- Doing a degree on top of a FT job sucks. Be ready for the pain, if that is what you choose. Been there, done that, and in the end it was worth it to me (since I went to the #1 part time program in the US mostly on my employer's dime), but it was a painful and exhaisting process.

- Is there another way to skin the cat? You want some letters after your name to help you advance, so why not investigate other ways of doing this besides an MBA. In my profession, a CFA will get you about as far as an MBA (farther, in some cases). It is about as hard to get, but doesn't require sitting in classes. Maybe there are otehr ways of getting yor CPA? What other designations could you pursue that might add value to your career/increase your earnings power?
If I were working/living in NYC, I'd go to NYU's part-time program without hesitation, but that's only if I already have a job in NYC.

The pain, though, is another matter. Imagine always having a 5-minute clock running in the back of your mind that applies to everything you do -- eating dinner, brushing your teeth, checking out the weather, or taking a dump, and you'll have some idea how much pain is involved in doing a part-time program. Add on top an unsupportive if not downright obstructionist boss and weekends at work, and you get the full picture. Oh, yeah, you'll have to sustain the pain for two years.

CPA is hard to get because the number of accounting credit hours has just been increased so that unless you have a combined undergrad and graduate degree in accounting (or the equivalent number of credit hours), you can't even sit for the exam. That really sucks, but, like Brewer said, there are many professional exams you can take. Let's see. There's CFA, CFP, CCM, and CFE.
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Re: 24 years old: what's my next move?
Old 05-24-2006, 01:40 PM   #37
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Re: 24 years old: what's my next move?

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If I were working/living in NYC, I'd go to NYU's part-time program without hesitation, but that's only if I already have a job in NYC.

The pain, though, is another matter. Imaging always having a 5-minute clock running in the back of your mind that applies to everything you do -- eating dinner, brushing your teeth, checking out the weather, or taking a dump, and you'll have some idea how much pain is involved in doing a part-time program. Add on top an unsupportive if not downright obstructionist boss and weekends at work, and you get the full picture. Oh, yeah, you'll have sustain that pain for two years.
Actually, I did have a job in NYC and I went to NYU at night. But I raced through the program about as fast as humanly possible and it still took me a bit over 2 1/2 years. That's a long time to be counting seconds while taking a dump. :P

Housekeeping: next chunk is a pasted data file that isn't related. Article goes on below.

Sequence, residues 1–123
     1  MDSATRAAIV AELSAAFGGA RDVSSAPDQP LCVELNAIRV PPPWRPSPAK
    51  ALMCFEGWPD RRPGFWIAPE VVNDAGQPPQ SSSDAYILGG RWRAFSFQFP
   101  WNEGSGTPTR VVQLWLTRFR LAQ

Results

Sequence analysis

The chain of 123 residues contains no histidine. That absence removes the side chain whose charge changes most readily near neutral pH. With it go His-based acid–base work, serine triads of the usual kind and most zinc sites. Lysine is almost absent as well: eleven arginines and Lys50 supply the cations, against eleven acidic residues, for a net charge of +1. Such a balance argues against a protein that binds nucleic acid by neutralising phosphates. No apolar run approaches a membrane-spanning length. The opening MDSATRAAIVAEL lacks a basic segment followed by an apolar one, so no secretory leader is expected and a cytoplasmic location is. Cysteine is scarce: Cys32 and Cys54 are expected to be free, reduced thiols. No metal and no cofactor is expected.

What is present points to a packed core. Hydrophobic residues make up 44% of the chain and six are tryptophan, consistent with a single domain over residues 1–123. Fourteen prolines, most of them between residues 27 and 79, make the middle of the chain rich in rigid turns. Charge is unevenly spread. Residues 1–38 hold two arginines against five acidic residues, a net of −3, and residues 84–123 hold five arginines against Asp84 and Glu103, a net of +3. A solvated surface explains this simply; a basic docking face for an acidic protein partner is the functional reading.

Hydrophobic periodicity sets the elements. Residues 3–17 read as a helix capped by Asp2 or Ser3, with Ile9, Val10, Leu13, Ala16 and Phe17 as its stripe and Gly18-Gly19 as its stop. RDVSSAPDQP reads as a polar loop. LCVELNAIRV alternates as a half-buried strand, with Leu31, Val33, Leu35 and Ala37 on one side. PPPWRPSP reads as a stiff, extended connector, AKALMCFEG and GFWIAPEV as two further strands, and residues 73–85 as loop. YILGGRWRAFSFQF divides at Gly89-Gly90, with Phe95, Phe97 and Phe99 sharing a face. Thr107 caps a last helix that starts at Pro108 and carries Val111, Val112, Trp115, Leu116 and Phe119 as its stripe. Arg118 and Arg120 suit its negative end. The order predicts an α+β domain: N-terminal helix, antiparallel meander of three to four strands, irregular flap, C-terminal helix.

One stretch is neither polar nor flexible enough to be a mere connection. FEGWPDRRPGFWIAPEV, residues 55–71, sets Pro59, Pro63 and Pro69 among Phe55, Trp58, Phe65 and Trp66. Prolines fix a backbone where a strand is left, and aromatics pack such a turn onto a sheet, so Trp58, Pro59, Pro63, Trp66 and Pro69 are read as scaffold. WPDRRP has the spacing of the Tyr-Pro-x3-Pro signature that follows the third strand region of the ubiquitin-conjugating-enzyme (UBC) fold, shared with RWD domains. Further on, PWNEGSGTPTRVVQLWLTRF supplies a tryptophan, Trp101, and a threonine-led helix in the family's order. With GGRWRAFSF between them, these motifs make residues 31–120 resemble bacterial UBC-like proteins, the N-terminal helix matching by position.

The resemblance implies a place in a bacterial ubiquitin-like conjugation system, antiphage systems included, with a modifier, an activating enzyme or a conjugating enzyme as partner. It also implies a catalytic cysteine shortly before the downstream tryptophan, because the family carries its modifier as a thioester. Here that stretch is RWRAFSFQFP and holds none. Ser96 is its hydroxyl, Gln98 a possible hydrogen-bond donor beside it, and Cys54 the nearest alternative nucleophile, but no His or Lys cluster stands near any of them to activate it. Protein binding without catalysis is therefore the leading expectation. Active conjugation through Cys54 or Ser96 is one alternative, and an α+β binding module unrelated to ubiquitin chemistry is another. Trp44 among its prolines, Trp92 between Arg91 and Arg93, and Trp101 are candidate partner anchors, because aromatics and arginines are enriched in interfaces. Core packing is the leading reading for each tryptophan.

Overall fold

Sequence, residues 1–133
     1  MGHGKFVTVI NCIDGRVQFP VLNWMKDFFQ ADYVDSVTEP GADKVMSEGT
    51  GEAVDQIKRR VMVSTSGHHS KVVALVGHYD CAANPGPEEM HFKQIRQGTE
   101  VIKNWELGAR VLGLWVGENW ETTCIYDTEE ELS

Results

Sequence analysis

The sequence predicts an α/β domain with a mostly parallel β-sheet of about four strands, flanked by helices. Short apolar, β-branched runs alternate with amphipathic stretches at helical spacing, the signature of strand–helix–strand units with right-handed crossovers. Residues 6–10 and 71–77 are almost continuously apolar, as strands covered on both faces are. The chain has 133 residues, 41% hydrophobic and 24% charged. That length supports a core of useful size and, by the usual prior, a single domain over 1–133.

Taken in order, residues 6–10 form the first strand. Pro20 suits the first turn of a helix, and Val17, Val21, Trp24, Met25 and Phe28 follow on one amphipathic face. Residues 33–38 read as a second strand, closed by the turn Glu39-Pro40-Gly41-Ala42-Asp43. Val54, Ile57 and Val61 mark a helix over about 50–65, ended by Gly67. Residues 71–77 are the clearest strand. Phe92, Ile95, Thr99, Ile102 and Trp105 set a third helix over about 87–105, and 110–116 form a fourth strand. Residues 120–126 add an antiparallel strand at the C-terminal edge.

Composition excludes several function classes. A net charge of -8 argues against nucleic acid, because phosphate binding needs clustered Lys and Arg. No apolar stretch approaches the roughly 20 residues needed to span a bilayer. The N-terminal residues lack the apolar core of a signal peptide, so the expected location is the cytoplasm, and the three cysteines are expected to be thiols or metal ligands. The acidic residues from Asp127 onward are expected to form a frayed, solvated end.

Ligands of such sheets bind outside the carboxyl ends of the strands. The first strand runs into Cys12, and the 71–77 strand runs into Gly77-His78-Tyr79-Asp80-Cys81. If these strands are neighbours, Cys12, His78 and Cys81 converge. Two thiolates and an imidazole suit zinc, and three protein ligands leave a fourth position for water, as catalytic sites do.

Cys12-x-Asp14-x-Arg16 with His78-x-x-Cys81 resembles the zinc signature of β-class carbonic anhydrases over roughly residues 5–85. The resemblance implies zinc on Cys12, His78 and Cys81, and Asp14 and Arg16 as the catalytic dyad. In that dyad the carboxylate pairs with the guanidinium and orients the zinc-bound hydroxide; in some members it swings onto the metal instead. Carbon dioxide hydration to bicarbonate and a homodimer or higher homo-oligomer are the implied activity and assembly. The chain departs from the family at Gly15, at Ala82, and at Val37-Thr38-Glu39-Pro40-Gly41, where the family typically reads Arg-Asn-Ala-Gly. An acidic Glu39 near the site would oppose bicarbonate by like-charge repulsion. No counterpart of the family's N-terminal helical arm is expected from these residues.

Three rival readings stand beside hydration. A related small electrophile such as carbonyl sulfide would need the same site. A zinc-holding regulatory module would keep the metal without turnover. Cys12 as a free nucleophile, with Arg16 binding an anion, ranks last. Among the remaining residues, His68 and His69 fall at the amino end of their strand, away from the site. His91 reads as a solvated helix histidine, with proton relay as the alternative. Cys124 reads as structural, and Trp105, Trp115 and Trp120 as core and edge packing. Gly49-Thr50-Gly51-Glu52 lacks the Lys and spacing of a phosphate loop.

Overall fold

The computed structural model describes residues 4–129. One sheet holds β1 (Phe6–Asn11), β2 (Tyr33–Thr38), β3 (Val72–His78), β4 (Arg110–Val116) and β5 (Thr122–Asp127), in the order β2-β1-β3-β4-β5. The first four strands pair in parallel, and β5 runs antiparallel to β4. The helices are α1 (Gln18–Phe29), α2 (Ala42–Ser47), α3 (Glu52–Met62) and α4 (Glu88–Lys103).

But let's also not lose sight of the rewards. You get through with your finances (more than) intact; you walk away with a very marketable degree; you are all set to make some of that proverbial fat cash; and you NEVER have to do anything that painful for that long ever again.
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Re: 24 years old: what's my next move?
Old 05-24-2006, 03:15 PM   #38
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Re: 24 years old: what's my next move?

Well, I know you are in Houston...

The UT program IS an executive program... it is all they offer as a PT student... they might not say it out loud, but it is..

If you get paid full boat for Rice, take it. It sounds like the best option you have going for you.. it will be a bear, but maybe you can stretch it another year and not kill yourself.

But, make sure that you do not sign something saying you will work an extra year. The CPA in me has this thing bouncing around in my head saying that it becomes taxable income if you make a commitment to stay at your employer... it there is no commitment, it is tax free... since you are in finance, look it up.. see if I am right or wrong
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Re: 24 years old: what's my next move?
Old 05-24-2006, 10:55 PM   #39
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Re: 24 years old: what's my next move?

The tax impact of a $75k reimbursement is obviously on my mind...based on reading "Publication 970 - Tax Benefits for Education" it sounds like the payments would not be reported as income on my W-2 because the tuition payment is issued directly to the school under my employer's accountable plan. Even if they did report it on my W-2 under a non-accountable plan, it sounds like I can deduct the expense because it is helping me further develop my skills but not qualify for a new line of work. This deduction would be subject to the 2% of AGI limitation. However, if they did it the 2nd way, I would probably get an 8% hit in my pay due to FICA/SS withholding on the imputed income.

Can anyone confirm? I'm no CPA.
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Re: 24 years old: what's my next move?
Old 05-24-2006, 11:13 PM   #40
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Re: 24 years old: what's my next move?

I got taxed, but the reimbursement came directly to me after I have already paid the school.

BTW, have you decided where you are going? Full time or part time?